The Ninth Gate

The Ninth Gate

F i l m r e v i e w

“The Ninth Gate”
Director : Roman Polanski
Cast : Johnny Deep, Emmanuelle Seigner, Frank Langella
Theme : Wojciech Kilar

Books are malignant, contemplating those which deal with sinister, mysterious even demonic forces, in particular. This conclusion is likely to be gleaned from “The Ninth Gate”, a skilful adaptation of Arturo Perez-Revente novel : El Club Dumas. With its utterly breathtaking, engrossing narrative, Roman Polanski makes a conscious nod towards his previous picture : Rosemary’s Baby, principally its occult denouement.

The movie gives only some “setup” to establish the characters and explain the situation. The story is mainly set in old world location of Spain, France or Portugal, presenting narrow, typically South European’s streets and archetypal architecture. A starring cast significantly contributes to the film eerie atmosphere.

Dean Corso (Johnny Deep, as an unscrupulous rare book dealer), an anti-heroic protagonist appears merely a quiescent participator of a storyline, caught out by circumstances. It is a supporting co-star, Emmanuelle Seigner (by the way Ms. Polanski), the nameless mystifying, green-eyed Girl, who steadily takes over a leading role in the movie. Corso, in his search and investigation on the manual of satanic invocation, published in 1666 “The Nine Gates of the Kingdom of the Shadows”, experiences inexplicable, perplexing powers, presumably linked with the co-author of the volume – the Satan himself.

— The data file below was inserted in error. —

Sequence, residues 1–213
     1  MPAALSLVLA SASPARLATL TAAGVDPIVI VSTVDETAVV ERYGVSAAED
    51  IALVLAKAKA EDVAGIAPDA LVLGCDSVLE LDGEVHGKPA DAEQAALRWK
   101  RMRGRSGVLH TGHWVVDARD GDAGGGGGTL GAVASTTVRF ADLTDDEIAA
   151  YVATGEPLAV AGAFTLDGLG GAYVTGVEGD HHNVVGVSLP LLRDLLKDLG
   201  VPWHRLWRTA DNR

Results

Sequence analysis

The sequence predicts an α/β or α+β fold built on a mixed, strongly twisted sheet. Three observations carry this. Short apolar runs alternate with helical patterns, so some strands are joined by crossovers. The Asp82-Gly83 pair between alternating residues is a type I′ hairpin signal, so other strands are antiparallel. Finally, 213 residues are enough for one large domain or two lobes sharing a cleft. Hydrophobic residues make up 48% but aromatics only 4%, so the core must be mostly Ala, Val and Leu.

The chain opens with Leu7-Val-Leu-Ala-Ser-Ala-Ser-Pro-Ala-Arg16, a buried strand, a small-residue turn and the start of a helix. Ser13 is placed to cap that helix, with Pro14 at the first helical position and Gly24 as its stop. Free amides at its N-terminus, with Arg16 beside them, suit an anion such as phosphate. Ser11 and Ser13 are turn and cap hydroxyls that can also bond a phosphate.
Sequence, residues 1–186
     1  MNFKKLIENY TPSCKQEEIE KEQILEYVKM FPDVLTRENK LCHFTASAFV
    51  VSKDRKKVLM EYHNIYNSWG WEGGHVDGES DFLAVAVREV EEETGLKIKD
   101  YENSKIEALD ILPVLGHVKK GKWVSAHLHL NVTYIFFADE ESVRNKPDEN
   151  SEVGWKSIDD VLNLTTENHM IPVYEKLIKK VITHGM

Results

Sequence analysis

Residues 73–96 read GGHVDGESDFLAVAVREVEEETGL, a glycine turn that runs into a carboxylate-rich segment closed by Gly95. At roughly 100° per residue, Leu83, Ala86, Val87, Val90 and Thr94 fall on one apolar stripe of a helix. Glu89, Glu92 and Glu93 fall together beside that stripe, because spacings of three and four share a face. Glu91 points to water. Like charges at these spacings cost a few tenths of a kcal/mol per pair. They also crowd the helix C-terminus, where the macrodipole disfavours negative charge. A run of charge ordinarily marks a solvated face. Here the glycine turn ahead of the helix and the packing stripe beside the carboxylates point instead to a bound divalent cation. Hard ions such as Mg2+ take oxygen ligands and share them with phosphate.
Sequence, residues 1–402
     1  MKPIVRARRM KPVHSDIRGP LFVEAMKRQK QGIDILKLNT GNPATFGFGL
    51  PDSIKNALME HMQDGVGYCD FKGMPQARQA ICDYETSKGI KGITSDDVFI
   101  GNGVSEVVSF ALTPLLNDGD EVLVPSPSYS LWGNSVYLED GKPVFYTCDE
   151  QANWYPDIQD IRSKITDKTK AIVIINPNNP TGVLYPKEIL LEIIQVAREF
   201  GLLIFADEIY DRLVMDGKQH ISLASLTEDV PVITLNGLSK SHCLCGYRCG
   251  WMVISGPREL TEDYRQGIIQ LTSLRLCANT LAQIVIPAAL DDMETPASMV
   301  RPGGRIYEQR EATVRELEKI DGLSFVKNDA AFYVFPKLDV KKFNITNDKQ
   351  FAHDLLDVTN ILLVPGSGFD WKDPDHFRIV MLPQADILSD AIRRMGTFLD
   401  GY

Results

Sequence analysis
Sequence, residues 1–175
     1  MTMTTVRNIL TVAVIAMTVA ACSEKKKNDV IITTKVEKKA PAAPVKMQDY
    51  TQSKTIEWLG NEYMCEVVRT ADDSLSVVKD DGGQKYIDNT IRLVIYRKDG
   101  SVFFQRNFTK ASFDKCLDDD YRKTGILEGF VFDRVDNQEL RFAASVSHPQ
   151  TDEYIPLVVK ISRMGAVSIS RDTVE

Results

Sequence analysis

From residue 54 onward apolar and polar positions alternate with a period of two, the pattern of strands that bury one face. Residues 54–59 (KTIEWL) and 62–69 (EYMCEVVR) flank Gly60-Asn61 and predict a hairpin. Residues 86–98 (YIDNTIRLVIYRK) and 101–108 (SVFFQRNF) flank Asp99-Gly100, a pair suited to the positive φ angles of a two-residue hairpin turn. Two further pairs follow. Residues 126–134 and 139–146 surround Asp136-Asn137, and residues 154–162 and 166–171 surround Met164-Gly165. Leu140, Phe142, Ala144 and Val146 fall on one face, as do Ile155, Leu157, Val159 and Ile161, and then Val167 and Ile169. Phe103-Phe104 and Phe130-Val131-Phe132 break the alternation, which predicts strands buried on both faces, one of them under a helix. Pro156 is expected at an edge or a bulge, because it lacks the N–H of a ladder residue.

Corso’s cynical stance on his profession evolves and alters and as a plot glides towards the end yet blurred metaphors still loom in a distance.

Although a pitch of intensity is maintained throughout the picture an action is far from whirlwind speed and sometimes even quite predictable. A film fan may even spot some rather comical special effects. Nevertheless the film still remains gripping and thrilling.

In my opinion the movie is worth seeing with...

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